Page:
Dawn at all Hours
Chickens, especially roosters, are undeniably the most often discarded farm animal. If you are vegan, you likely already know that male chicks are killed soon after hatching. On average, half of all chicks are male. They don’t lay eggs, and they crow. When we tell people that we share our life with 45 – and sometimes more – roosters, the information is often shared with chagrin. “How are you able to get any sleep?” The truth is that unless you have a rooster sleeping inside your house, they will most likely not wake you up. There are many ways to dampen the sound including insulation and a dark coop.
Our first rescued rooster, Porter, was seized in a cockfighting bust along with dozens of others. Cockfighting roosters are the pitbulls of chickens. Difficult to adopt and often in need of rehabilitation in order to get along with their own kind. Some will never be able to get along with another chicken. Often they are completely docile with humans and absolutely love attention and affection.
Porter loves having his face rubbed. He closes his eyes and practically purrs in your arms. He also loves to be in the center of a circle of humans standing around him and admiring him. After seven months of rehabilitation, Porter is finally reaping the benefits. The other day he snuck out and managed to not get into any fights even with other roosters freely roaming with him. In fact, we found him hanging out in the corner with the small bantam pack. Amazing!
Cast and Crew
The rest of the Heartwood Haven roosters range from teeny tiny to humongous. They came from shelters, were caught as strays in parking lots, freeways or parks, and some were even school hatching projects. Despite the desperate situations that led to their rescue, sanctuary life is the best outcome for these intelligent, social birds.
Certain breeds of roosters get raised for meat, but more often than not they are treated as unwanted bi-products to be discarded. Even in the backyard chicken and egg industry, male chicks are killed; it’s not just an industrial farm practice. When not immediately killed, male chicks are used as shipping peanuts or warmers. Once they start to crow, they are often given away for free on Craigslist, which is not safe and often leads to dumping and surrendering at shelters. If roosters are surrendered to shelters, they are at risk of euthanasia. Rarely, if ever, is there someone who raises chickens and keeps all the roosters.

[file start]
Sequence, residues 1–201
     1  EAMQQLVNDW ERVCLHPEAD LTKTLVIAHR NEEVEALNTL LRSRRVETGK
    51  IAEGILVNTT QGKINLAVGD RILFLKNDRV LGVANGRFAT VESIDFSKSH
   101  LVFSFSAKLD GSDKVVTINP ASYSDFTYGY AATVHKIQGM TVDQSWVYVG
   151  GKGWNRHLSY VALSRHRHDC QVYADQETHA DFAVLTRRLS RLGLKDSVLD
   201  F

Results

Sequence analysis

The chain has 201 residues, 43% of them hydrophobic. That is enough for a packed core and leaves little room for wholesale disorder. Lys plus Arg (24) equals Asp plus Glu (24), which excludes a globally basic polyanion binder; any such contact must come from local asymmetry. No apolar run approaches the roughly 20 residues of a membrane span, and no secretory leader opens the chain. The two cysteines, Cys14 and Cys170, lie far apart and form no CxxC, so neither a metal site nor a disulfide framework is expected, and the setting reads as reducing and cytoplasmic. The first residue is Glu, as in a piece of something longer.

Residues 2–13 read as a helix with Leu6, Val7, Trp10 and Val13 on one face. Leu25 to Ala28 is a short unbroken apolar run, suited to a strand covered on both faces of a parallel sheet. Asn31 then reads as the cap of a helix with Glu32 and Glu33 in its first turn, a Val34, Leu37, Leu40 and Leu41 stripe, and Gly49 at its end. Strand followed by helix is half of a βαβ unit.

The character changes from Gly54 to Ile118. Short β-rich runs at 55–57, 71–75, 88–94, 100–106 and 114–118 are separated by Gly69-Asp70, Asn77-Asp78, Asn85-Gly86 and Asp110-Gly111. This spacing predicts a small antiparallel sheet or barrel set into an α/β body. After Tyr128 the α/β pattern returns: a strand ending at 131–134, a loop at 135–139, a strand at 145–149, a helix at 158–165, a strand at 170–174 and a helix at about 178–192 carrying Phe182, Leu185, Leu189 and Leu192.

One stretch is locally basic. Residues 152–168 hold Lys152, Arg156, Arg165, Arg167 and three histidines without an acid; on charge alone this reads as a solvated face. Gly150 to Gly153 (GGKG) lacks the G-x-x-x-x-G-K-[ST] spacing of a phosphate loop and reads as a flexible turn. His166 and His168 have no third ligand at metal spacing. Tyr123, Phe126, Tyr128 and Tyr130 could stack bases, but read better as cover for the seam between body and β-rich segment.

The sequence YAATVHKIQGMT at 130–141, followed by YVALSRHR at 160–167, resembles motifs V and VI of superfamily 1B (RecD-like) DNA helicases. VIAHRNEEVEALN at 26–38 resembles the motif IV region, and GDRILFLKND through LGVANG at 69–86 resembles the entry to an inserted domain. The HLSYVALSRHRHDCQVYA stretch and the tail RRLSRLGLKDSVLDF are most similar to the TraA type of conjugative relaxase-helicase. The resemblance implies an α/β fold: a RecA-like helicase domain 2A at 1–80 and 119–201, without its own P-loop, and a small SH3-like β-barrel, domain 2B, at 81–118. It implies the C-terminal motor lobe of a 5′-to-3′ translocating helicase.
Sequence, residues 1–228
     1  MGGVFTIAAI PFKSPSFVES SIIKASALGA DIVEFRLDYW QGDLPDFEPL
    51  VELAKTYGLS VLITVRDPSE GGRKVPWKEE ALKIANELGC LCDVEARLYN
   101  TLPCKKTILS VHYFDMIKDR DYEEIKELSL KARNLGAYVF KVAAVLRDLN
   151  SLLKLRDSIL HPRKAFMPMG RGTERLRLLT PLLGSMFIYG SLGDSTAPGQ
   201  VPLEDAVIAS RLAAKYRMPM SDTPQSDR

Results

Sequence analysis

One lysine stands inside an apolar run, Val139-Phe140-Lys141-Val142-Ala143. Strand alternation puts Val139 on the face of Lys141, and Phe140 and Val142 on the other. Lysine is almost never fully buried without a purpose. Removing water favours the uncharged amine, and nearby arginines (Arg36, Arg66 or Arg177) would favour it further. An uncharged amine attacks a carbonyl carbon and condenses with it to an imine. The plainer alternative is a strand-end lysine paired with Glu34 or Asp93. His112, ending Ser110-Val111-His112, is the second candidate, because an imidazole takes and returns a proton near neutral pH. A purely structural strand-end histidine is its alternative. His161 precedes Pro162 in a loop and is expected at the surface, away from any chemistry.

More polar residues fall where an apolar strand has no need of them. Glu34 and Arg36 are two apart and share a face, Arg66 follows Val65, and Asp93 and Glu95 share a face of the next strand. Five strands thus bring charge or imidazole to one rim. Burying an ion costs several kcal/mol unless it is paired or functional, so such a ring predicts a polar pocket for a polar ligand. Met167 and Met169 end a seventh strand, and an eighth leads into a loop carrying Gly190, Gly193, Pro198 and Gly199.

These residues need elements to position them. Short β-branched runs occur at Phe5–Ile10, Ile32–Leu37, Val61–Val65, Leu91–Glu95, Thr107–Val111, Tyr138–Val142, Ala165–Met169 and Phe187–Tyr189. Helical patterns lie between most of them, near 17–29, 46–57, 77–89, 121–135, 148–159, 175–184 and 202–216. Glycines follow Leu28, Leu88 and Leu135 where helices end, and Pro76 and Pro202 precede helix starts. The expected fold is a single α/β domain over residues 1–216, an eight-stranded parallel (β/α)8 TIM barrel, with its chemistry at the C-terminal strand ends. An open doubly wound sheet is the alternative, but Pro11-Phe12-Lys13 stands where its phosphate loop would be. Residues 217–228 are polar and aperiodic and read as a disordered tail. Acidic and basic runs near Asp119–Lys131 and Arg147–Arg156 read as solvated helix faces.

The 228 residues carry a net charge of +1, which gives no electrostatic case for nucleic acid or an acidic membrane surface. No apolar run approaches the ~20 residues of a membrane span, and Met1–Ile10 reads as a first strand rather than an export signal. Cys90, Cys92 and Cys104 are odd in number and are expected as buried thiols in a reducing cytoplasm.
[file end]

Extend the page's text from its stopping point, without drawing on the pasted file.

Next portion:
We have heard from people who are threatened with heavy fines for having a rooster and must rehome him. Cities are unknowingly creating this problem by allowing backyard hens, but not allowing roosters. One of the ways that cities can help alleviate the problem of homeless roosters is by allowing roosters in the same municipalities as hens.
Given all the ways roosters can arrive in need of rescue, it is no wonder that we, and every other sanctuary, get frequent requests to take in roosters: a single ‘oops’ rooster, five roosters, and sometimes even more. It is difficult for sanctuaries to keep up with the constant demand for placement of roosters. Many sanctuaries might not be aware that roosters coexist peacefully in bachelor flocks. We want to serve as an example to rescues and individuals that it is possible. We hope to inspire and educate.
We are not the only sanctuary trying our best to help roosters and hens. Adopt a Bird Network is a great organization to learn about, especially if you are located away from Seattle, across the United States. Through their mission, they are dedicated to positively impacting the lives of backyard chicken, duck, and other domesticated birds in need across the United States. Visit the Adopt a Bird Network website to learn more about their efforts toward finding each bird a forever, no-kill, loving home.